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### Atomic Spectra for H

Posted: Sun Oct 13, 2019 1:24 pm
In lecture, Dr. Lavelle said that a certain equation only works for H since that was the element used for the experiment. Which equation was that, and when he said that certain energy level jumps were certain groups of spectral lines, does that only apply when the element is H?

### Re: Atomic Spectra for H

Posted: Sun Oct 13, 2019 1:29 pm
The equation is:
En = -hR/n^2
where n is the energy level of the electron and r is rydberg's constant (3.29*10^15 Hz)
The different series (balmer,lyman, etc) are used to describe the lines of emissions of the electrons of the Hydrogen atom but we have not discussed whether they can be used for other elements as well.

### Re: Atomic Spectra for H

Posted: Sun Oct 13, 2019 1:30 pm
The equation is En=-hR/n^2. This applies only to atoms with one electron (hydrogen) because if there were more, then they would repel each other.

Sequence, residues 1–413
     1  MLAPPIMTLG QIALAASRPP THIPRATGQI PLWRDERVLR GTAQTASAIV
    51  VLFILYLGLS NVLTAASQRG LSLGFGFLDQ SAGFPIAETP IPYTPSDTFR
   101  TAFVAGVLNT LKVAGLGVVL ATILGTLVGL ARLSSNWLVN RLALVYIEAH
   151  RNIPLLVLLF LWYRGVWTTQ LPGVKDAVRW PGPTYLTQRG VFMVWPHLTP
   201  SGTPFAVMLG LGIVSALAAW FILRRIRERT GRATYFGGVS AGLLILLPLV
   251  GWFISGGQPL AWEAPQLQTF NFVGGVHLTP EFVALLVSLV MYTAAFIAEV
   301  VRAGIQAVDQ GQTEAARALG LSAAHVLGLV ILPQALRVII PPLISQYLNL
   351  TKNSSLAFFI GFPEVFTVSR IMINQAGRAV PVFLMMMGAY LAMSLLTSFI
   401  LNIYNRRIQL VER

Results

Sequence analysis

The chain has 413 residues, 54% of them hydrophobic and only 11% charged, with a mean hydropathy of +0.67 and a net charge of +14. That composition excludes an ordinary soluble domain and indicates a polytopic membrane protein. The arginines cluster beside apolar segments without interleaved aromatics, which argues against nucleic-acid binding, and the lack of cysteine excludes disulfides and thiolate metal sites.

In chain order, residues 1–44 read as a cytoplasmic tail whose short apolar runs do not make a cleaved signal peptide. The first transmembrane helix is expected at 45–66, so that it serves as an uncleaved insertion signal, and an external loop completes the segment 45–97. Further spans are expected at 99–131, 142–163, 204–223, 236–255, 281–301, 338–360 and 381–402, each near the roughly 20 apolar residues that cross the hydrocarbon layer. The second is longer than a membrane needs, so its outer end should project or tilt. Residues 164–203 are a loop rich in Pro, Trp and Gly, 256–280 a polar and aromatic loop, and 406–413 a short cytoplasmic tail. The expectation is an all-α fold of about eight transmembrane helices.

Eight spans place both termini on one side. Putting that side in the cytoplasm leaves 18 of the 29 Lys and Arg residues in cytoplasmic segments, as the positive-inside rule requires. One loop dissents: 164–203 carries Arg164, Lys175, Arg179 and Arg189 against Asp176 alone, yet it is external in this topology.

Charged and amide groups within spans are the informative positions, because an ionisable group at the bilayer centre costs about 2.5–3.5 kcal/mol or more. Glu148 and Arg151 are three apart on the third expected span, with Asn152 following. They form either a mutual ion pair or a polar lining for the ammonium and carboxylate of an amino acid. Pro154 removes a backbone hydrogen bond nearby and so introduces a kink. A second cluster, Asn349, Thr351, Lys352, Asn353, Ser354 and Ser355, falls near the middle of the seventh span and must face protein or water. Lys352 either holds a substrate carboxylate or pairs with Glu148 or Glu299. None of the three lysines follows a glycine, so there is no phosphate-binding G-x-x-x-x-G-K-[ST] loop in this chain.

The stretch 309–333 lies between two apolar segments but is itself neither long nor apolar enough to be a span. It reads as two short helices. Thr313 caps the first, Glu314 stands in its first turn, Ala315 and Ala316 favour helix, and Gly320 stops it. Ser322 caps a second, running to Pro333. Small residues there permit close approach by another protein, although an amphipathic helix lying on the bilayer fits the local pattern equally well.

### Re: Atomic Spectra for H

Posted: Sun Oct 13, 2019 1:32 pm
I believe the eqn was En=-hR/n^2 because it is based on experimental data for the H atom. Other atoms have more energy levels, so you would need a more sophisticated model for multi-electron systems. Every element has it's own set of spectral lines because only specific frequencies can be absorbed or emitted by that particular element.

### Re: Atomic Spectra for H

Posted: Sun Oct 13, 2019 1:36 pm
The equation is E=-hR/n^2
h is Planck's constant (6.62607004 × 10-34 m2 kg / s)
R is Rydberg's constant (10 973 731.6 m-1)
n is the energy level
You use this equation when you're trying to find the energy of whatever n energy level. So for example if an electron transitioned from n=4 to n=2, we would have something like:
E(final)= -hR/4^2 - E(initial)= =hR/2^2

### Re: Atomic Spectra for H

Posted: Sun Oct 13, 2019 1:39 pm
I believe the equation is this one: En= -hR/n2, which you can use when you are trying to find the energy of the transitions between certain n levels. The Lyman (n=1), Balmer (n=2), Paschen (n=3), Brackett (n=4), and Pfund series (n=5) describes the spectrum of hydrogen.